Wednesday, June 11, 2008

Ask the Coach

Boston Marathon's famous Kelleys (no relation) John the younger and John the elder

Ask the Coach- the Boston Marathon and other topics

I have a couple of questions about Boston Marathon traditions: First, do they still give out beef stew after the race? And second, do doctors still get a bye in qualifying for the race?
Signed “Old Timer”.
Coach: Great questions. Unfortunately, there is no more beef stew. The BAA isn't sure when the beef stew stopped but they think it was around the time that the finish was moved from the Prudential to Copley Square in 1986. It may also have coincided with a year when a number of people got sick from ingesting a bad batch of the stew. It might also have to do with the logistics of feeding a field that large.* There are still automatic entries -- roughly 200 -- for doctors who belong to a medical/athletic association that provides services to the race, but it's not a blanket exemption for physicians.

* (John Powers of the Boston Globe suggested to me with a smile that they start a new tradition Famous Legal Seafood chowderand provide vats of Legal Seafood’s Clam Chowder after the race).

Hey Coach:
I’ve declared a “fatwa” on fat and a “jihad” on jiggle as part of my New Years resolution, but I still weigh the same as I did last year, and may actually be gaining weight despite running 2 miles a day. Any advice for losing weight?
Signed “Out of Belt Notches”.
Coach: You may have to start tracking your calories and up your mileage a bit or start doing some speed work to burn off more than you consume. Nancy Clark author of ''Nancy Clark's Sports Nutrition Guidebook’’ says ''Many runners diet at breakfast and lunch, drag themselves through a midday workout, are famished at dinner and eat everything in sight''. ''They end up gaining weight.'' ''They say, 'I ran umpteen miles, I deserve to eat umpteen calories.' But you can't always do that.'' NancyClark recommends taking a look at the little things in your diet. Simply by cutting out creamy salad dressings, having mustard instead of mayonnaise on sandwiches and not piling a mound of butter on a baked potato can eliminate several hundred calories a day, Clark points out. These measures will not only enable you to lose weight but also reduce blood cholesterol levels and guard against heart disease. and eliminating one high fat desert negates the effect of a 30 minute run. Running burns roughly 100 calories per mile. If you are running approximately 14 miles per week, you can try running a bit more, adding some speed work or cutting back on some of the dietary extras you won’t miss and see if that helps.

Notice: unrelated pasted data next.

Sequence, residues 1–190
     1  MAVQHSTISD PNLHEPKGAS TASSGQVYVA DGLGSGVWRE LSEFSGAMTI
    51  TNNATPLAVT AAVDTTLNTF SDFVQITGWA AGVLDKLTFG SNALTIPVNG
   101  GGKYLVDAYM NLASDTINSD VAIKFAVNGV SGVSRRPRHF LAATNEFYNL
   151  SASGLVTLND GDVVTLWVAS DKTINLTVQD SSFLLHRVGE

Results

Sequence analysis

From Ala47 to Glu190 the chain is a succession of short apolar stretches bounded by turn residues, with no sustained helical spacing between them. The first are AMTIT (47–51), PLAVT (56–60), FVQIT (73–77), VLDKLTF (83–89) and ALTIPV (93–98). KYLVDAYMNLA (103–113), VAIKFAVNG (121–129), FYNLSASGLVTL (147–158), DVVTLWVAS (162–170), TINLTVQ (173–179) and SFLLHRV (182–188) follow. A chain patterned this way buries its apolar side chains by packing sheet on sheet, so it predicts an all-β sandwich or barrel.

Coach: I am going to try my second marathon and I’d like this one to be easier than the first. Tell me a secret about training for a marathon that I don’t already know! Signed "Willing to Learn"
Coach: Think time not distance for your long runs. I’ve found I can run comfortably through a marathon up to the time of my longest run. In other words, if your longest run takes 3 hours to cover an 18 miler-- you can probably expect to feel pretty good through the 3 hour mark of the marathon. You have trained yourself to run for that amount of time. Because you are running faster in the race due to the adrenalin etc. this may be at the 20 mile mark of the race. The longer you train to be on your feet, the better prepared you will be. Two time Olympic Oldest known picture (1904) of the Boston Marathonmarathoner Kenny Moore put in 30 mile training runs for this reason. Most runners worry too much about the mile markers of the race and not enough about the time they have put in training. One interesting fact: some marathons in Scotland and Great Britain show descending mile markers. It may give you a psychological boost to see the mile markers decreasing instead of increasing during the race.

Coach: I read your article about finding money a few years back in Runners Gazette.I found $126.47 while running last year and wanted to know if I should report it to the IRS? I think it might put me in a new tax bracket. Signed “Penny Pincher”
Penny, I called the IRS to ask them your question. They told me I was the first person to ask the question since their founding in 1862. Then they asked me for your name and address and for the last four digits of your social security number. When I declined to provide this information they then mentioned that a lot of callers ask questions about untaxed money on behalf of “friends” and wanted to know my information.Your secret is safe with me.

Note- These are based on real questions submitted to the coach. Article originally appeared in Runners Gazette magazine

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